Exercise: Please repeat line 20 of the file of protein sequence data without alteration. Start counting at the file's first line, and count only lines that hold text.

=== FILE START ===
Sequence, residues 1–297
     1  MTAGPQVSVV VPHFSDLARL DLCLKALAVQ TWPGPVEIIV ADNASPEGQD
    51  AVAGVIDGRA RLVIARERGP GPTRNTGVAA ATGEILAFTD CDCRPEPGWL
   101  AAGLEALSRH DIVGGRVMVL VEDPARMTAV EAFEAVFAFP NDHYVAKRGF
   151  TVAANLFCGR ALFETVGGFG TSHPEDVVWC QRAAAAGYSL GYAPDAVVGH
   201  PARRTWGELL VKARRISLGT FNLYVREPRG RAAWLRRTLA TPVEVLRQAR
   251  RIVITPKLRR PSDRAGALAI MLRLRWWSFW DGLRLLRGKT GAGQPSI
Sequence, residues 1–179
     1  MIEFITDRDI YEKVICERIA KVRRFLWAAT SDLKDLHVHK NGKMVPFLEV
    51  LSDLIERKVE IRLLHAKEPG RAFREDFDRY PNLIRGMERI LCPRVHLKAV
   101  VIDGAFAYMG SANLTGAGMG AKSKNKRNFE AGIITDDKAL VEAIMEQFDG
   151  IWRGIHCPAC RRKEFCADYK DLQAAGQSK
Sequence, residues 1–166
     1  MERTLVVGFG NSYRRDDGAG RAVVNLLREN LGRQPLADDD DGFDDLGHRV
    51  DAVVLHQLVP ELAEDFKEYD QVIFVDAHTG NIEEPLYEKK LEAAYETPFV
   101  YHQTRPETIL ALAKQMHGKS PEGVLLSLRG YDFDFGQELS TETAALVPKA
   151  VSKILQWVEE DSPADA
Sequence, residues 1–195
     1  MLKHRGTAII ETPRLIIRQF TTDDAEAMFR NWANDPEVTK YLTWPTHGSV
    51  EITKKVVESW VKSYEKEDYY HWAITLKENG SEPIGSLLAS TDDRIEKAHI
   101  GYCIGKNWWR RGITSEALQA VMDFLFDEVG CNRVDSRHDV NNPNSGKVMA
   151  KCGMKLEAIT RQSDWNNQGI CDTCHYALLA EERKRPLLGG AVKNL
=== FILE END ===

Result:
    51  EITKKVVESW VKSYEKEDYY HWAITLKENG SEPIGSLLAS TDDRIEKAHI